This post highlights the approach and findings of a new research article published in Disease Models & Mechanisms: ‘Stem cell-specific endocytic degradation defects lead to intestinal dysplasia in Drosophila’. This feature was written by Elan Strange as part of a graduate level seminar at The University of Alabama (taught by DMM Editorial Board member, Prof. Guy Caldwell) on current topics related to use of animal and cellular model systems in studies of human disease. The course is designed to expose students to recent research in a variety of diseases, and for this assignment, students were asked to read and provide a scholarly summary of an assigned research article ‘in press’ at DMM. Elan’s summary was selected by the editorial team for publication at the Node. The text has been edited and shortened by DMM in conjunction with the author.
A useful approach to investigating the mechanisms underlying complex diseases such as cancer involves exploring common genetic mutations. Understanding the phenotypic impact of such mutations can help to identify risk, estimate prognosis and guide treatment for specific forms of cancer. For example, screening for BRCA1 and BRCA2 mutations has been shown to be effective in determining risk of developing breast and ovarian cancer (Mavaddat et al., 2013). Similarly, Marisa et al. (2013) showed that grouping colon cancer patients into subtypes based on genetic mutations can provide a better indication of prognosis. Researching genetic mutations that correlate with oncogenesis has proven to be an invaluable means of learning more about the causes of cancer and guiding the development of new chemotherapeutics.
UVRAG, the metazoan homolog of yeast Vps38, is well characterized as a regulator of autophagy (Liang et al., 2006), a conserved mechanism by which cells digest and recycle dispensable or dysfunctional organelles and cellular components. Although loss-of-function mutations in UVRAG are known to correlate with tumorigenesis (Ionov et al., 2004) and overexpression of the protein has been shown to reduce cell proliferation (Liang et al., 2006), the precise mechanisms by which UVRAG acts as a tumor suppressor have not yet been elucidated. Given that autophagy has been shown to be involved in several types of cancer (Bento et al., 2016), the most intuitive hypothesis for the role of UVRAG in tumorigenesis implicates its autophagy-regulating function. However, this hypothesis was explored by Knævelsrud et al. (2010), who determined using qualitative and quantitative readouts for autophagy that the tumorigenicity of UVRAG mutations in colorectal cancer cell lines is independent of its role in regulating autophagy. Additionally, UVRAG has functions in DNA repair, maintenance of centrosome stability, and endocytosis (Zhao et al., 2012), all of which are implicated in cancer and could explain the role of UVRAG as a tumor suppressor. In a new study published in DMM, Nagy et al. sought to investigate the role of UVRAG as a tumor suppressor, using the fruit fly Drosophila melanogaster. Drosophila represents a powerful model for exploring the pathology and molecular mechanisms of human intestinal disorders due to the highly similar histological and cellular stress response mechanisms (specifically those involving cell proliferation and renewal) in the guts of mammals and flies.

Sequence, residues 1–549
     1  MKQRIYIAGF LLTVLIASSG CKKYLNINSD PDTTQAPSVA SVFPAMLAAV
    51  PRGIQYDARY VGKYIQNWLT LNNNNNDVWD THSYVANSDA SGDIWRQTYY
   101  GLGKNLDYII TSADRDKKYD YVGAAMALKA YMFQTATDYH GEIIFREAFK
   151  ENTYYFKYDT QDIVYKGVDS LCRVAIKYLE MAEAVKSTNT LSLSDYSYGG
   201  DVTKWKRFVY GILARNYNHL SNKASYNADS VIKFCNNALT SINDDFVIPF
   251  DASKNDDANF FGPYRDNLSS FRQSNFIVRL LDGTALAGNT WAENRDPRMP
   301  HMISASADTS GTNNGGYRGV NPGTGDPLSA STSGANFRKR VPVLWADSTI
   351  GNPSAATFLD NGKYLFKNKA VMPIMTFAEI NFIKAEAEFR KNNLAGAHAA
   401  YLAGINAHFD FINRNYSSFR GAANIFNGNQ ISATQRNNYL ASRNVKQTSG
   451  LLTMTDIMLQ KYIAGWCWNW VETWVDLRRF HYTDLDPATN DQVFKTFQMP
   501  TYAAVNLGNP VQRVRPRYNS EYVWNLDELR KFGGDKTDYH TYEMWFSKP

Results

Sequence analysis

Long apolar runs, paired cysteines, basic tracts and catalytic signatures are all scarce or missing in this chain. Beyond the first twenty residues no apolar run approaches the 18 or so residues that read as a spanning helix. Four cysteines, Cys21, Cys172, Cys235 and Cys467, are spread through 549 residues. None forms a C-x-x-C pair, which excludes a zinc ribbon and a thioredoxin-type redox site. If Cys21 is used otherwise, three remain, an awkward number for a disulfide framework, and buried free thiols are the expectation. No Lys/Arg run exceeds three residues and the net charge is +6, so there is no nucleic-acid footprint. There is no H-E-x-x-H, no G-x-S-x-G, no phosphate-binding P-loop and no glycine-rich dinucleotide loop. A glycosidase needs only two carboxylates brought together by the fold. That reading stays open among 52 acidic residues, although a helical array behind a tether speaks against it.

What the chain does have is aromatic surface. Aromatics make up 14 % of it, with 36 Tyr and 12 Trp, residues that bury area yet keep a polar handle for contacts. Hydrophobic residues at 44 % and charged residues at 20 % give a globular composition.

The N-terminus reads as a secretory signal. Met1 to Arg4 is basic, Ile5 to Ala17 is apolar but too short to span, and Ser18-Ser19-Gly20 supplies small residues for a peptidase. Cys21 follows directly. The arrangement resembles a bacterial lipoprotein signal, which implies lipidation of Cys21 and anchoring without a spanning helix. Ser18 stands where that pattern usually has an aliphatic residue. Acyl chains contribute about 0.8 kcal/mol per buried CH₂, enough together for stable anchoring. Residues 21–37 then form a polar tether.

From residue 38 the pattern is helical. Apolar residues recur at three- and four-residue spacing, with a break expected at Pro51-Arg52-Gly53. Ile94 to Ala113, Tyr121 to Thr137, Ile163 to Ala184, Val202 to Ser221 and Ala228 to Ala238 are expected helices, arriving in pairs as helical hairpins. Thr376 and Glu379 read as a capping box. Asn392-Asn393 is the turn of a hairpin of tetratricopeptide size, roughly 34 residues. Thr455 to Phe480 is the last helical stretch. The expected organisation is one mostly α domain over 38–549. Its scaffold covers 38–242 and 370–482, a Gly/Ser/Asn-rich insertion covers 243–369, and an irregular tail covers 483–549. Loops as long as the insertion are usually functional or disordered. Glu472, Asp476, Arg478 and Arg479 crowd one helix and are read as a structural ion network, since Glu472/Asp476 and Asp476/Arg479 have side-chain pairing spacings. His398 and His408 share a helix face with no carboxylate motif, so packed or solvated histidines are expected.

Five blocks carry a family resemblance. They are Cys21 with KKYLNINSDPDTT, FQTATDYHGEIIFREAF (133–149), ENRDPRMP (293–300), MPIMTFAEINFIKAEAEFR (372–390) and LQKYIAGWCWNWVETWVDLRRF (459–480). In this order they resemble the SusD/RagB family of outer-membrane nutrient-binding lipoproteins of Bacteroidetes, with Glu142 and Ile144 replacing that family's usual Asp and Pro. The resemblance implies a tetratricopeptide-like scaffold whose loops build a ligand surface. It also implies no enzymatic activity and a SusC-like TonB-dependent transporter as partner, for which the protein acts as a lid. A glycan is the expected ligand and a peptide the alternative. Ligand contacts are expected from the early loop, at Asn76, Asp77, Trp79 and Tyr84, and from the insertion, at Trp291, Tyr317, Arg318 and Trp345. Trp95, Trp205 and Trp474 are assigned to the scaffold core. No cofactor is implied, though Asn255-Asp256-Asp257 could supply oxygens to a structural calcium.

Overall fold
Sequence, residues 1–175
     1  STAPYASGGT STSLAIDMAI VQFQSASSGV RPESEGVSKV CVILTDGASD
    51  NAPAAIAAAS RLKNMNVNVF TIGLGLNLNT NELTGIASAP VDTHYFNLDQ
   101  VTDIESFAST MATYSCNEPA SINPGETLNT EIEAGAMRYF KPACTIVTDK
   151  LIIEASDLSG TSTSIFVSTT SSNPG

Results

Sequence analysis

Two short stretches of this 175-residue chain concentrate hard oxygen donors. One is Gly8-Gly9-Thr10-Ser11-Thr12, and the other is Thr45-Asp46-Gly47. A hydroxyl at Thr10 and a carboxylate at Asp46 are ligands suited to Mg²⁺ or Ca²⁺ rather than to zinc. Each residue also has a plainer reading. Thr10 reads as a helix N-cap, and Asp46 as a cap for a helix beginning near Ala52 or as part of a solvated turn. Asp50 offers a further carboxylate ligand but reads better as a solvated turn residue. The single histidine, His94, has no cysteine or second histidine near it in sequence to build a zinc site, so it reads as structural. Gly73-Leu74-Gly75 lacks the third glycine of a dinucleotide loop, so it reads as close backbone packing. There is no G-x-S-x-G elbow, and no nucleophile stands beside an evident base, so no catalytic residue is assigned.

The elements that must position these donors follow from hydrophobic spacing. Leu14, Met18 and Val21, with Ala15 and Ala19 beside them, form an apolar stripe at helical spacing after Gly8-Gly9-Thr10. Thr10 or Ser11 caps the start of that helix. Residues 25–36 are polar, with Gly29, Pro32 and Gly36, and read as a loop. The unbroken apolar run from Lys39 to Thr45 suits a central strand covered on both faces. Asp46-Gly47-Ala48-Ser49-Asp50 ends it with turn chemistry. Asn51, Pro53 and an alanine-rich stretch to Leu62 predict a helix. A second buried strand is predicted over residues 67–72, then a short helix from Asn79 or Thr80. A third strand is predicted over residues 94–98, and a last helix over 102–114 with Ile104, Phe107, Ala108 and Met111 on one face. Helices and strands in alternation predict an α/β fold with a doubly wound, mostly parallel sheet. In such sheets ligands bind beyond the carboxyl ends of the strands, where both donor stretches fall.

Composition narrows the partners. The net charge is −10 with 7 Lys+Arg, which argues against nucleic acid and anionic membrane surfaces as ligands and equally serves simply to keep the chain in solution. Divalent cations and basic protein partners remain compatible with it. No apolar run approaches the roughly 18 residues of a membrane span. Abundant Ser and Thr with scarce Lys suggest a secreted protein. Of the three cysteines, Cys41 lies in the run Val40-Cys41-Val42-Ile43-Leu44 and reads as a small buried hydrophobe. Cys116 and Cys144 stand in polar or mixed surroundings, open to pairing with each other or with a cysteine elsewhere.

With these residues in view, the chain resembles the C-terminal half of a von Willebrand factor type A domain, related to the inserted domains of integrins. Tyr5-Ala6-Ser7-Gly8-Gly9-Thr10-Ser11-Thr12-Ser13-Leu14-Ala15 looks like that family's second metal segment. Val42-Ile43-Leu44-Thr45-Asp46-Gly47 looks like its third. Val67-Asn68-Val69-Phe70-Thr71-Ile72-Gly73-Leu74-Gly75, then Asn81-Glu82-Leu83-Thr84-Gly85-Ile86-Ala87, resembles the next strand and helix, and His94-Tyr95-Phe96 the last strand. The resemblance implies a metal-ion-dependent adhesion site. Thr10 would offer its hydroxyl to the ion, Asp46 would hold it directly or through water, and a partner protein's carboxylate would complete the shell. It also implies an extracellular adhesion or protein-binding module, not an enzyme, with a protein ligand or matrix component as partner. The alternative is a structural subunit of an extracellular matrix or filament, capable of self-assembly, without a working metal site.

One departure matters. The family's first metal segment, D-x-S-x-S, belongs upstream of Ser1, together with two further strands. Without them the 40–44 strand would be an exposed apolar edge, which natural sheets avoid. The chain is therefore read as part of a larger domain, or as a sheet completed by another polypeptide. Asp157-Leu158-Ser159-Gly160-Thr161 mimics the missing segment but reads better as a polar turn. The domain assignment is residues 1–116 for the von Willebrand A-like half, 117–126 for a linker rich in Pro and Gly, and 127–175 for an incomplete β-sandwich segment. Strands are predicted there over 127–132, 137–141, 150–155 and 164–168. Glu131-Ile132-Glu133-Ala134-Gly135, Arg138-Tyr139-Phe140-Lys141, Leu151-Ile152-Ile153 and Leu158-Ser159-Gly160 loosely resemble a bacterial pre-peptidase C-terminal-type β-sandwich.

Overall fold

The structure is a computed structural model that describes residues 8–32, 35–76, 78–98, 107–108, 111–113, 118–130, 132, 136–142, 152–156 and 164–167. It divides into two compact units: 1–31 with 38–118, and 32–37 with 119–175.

The authors began by using RNAi silencing to study the effects of adult-onset loss of Uvrag in Drosophila intestinal stem cells (ISCs). They report that the Notch ligand Delta and Wnt ligand Wingless (Wg), two biomolecules known to be trafficked via endosomes, accumulate in intracellular compartments of ISCs lacking UVRAG, thus indicating that these cells are deficient in endosomal trafficking. They validated their RNAi silencing experiments by showing that cells expressing null alleles of Uvrag show similar patterns of Delta and Wg accumulation.
The team then analyzed the effects of Uvrag silencing on ISC proliferation and morphology. The most noteworthy observations made were an increase in ISC number and concomitant thickening of the intestinal wall, both of which are characteristics of intestinal dysplasia (a precancerous lesion, see related DMM Review). To analyze the effects of silencing Uvrag on gut function, the authors fed the flies food containing a blue dye that enabled movement through the gut to be tracked. The feces of flies with UVRAG-deficient ISCs contained less dye, indicating
that these animals retain food more efficiently. Consistent with a previous finding that proper gut function is essential for normal lifespan (Biteau et al., 2010), Nagy et al. found that the fly mutants had significantly reduced lifespan. To look at how flies with UVRAG-deficient guts respond to environmental stress, the authors treated the flies with the toxin dextran sodium sulfate (DSS), and, in a separate experiment, infected them with the pathogen Pseudomonas aeruginosa. Under both treatments, UVRAG-deficient flies were killed faster than control flies. Overall, these experiments show that UVRAG deficiency induces gut dysplasia and sensitizes the gut to external stressors.